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I am the unutterable grief,I am the trembling first touch of the virgin,I am the throbbing tenderness of her first stolen kiss.I am the fleeting glance of the veiled beloved,I am her constant surreptitious gaze...I am the burning volcano in the bosom of the earth,I am the wildfire of the woods,I am Hell's mad terrific sea of wrath!I ride on the wings of lightning with joy and profundity,I scatter misery and fear all around,I bring earthquakes on this world! "(8th stanza)"I am the rebel eternal,I raise my head beyond this world,High, ever erect and alone!
On 14 April 1923, he was moved from Alipore Jail to Hooghly Jail in Hooghly. He began a 40-day fast to protest mistreatment by the British jail superintendent, breaking his fast more than a month later and eventually being released from prison in December 1923. Nazrul composed numerous poems and songs during his period of imprisonment. In the 1920s, the British Indian government banned many of his writings. Rabindranath Tagore dedicated his play "Basanta" to Nazrul in 1923. Nazrul wrote the poem "Aj Srishti Shukher Ullashe" to thank Tagore. His book Bisher Banshi ('The Flute of Poison'), published in August 1924, was banned by the British Raj. Bisher Banshi called for rebellion in India against the British Raj. Bisher Banshi was read and distributed in secret following the ban.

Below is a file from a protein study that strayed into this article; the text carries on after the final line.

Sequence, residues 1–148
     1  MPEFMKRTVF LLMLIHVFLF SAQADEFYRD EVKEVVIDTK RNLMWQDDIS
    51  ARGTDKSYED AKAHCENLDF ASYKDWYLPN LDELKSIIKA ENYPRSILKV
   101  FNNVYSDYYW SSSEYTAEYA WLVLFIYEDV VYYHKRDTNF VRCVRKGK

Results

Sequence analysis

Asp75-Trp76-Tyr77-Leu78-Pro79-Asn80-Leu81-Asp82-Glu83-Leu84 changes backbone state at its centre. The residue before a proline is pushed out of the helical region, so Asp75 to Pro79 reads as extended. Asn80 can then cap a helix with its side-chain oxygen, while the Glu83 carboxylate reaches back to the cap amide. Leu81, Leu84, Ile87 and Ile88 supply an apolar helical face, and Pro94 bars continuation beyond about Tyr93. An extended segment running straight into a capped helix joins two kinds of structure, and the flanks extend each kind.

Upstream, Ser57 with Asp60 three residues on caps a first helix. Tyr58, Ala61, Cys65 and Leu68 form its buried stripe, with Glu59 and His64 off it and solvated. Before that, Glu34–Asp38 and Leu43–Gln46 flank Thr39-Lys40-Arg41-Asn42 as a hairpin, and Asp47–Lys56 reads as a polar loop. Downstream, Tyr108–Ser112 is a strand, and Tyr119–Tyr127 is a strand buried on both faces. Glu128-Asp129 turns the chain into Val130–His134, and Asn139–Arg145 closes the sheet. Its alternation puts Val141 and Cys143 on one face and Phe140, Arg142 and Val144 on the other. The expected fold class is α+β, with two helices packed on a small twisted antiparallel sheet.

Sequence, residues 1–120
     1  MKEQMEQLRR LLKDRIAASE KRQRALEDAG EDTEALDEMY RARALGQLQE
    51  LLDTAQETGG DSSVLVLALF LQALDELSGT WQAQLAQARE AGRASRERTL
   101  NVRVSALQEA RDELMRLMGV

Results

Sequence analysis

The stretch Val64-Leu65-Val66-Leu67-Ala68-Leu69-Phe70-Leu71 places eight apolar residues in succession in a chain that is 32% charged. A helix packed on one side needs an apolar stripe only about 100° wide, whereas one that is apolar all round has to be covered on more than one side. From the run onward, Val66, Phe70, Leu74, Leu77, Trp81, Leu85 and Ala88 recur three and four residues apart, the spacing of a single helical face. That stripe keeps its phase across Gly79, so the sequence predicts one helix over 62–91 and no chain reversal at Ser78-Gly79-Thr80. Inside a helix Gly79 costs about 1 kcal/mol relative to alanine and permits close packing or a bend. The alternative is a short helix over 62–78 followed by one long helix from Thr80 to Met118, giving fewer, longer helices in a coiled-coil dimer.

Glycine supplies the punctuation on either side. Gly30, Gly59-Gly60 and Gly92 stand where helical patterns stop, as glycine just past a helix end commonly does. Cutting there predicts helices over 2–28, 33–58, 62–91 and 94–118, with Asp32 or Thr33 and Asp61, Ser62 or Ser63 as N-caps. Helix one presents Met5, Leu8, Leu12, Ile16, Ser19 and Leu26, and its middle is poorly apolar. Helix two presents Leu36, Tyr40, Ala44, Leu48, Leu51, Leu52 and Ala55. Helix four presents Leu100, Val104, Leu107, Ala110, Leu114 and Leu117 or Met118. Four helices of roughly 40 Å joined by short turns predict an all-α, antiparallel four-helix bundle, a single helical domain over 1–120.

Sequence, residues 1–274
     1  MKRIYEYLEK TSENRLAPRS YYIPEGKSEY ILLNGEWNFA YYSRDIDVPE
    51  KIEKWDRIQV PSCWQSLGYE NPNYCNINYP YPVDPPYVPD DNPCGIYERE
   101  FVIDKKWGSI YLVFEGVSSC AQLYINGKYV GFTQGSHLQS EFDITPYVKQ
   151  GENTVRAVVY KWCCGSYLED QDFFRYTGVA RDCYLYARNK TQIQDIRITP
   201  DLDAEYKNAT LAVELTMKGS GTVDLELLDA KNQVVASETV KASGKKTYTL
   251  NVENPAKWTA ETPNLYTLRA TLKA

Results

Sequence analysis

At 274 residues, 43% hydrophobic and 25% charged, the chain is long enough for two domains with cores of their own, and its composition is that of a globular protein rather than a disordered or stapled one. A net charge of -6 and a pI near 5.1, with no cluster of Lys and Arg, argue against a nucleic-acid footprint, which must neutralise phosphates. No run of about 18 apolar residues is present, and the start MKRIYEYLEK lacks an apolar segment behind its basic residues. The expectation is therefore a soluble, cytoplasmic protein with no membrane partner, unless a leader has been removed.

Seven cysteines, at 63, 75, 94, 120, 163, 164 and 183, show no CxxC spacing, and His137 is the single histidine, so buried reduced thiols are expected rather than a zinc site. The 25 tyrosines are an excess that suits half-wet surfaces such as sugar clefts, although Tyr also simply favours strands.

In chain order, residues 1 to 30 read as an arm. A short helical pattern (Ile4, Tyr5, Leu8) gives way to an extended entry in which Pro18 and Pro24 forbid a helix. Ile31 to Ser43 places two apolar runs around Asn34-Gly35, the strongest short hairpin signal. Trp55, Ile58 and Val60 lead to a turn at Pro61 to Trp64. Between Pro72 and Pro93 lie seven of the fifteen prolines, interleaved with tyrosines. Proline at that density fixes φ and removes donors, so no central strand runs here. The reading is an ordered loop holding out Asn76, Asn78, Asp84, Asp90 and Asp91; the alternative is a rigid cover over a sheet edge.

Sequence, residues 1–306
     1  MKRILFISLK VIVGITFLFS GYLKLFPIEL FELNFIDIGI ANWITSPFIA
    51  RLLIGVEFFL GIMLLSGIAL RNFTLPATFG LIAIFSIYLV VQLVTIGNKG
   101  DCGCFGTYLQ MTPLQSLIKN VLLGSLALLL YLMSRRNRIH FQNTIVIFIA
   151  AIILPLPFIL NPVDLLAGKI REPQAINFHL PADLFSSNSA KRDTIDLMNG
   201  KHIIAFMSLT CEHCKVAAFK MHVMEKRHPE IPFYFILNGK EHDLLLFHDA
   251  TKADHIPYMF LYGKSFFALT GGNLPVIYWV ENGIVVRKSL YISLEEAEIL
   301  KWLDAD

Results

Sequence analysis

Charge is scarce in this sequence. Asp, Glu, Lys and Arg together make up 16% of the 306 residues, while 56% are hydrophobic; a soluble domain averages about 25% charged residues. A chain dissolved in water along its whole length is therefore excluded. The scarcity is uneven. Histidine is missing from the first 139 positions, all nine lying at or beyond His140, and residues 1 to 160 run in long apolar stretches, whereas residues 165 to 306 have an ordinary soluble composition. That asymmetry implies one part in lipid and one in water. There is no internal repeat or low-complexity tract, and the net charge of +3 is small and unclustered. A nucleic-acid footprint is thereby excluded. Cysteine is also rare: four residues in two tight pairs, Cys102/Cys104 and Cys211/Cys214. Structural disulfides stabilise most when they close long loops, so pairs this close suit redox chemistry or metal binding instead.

Nazrul was a critic of the Khilafat Movement in British India which he condemned as "hollow religious fundamentalism". His rebellious expression extended to rigid orthodoxy in the name of religion and politics. He also criticised the Indian National Congress for not embracing outright political independence from the British Empire. Nazrul became active in encouraging people to agitate against British rule, and joined the Bengal state unit of the Indian National Congress. Along with Muzaffar Ahmed, Nazrul also helped organise the Sramik Praja Swaraj Dal (Workers and Peasants Party), a socialist political party committed to national independence and the service of the working class. On 16 December 1925, Nazrul began publishing the Langal ('Plough'), a weekly, and served as its chief editor.
During his visit to Comilla in 1921, Nazrul met a young Bengali Hindu woman, Pramila Devi, with whom he fell in love, and they married on 25 April 1924. Brahmo Samaj criticised Pramila, a member of the Brahmo Samaj, for marrying a Muslim. Muslim religious leaders criticized Nazrul for his marriage to a Hindu woman. He also was criticised for his writings. Despite controversy, Nazrul's popularity and reputation as the "rebel poet" increased significantly. 2b1af7f3a8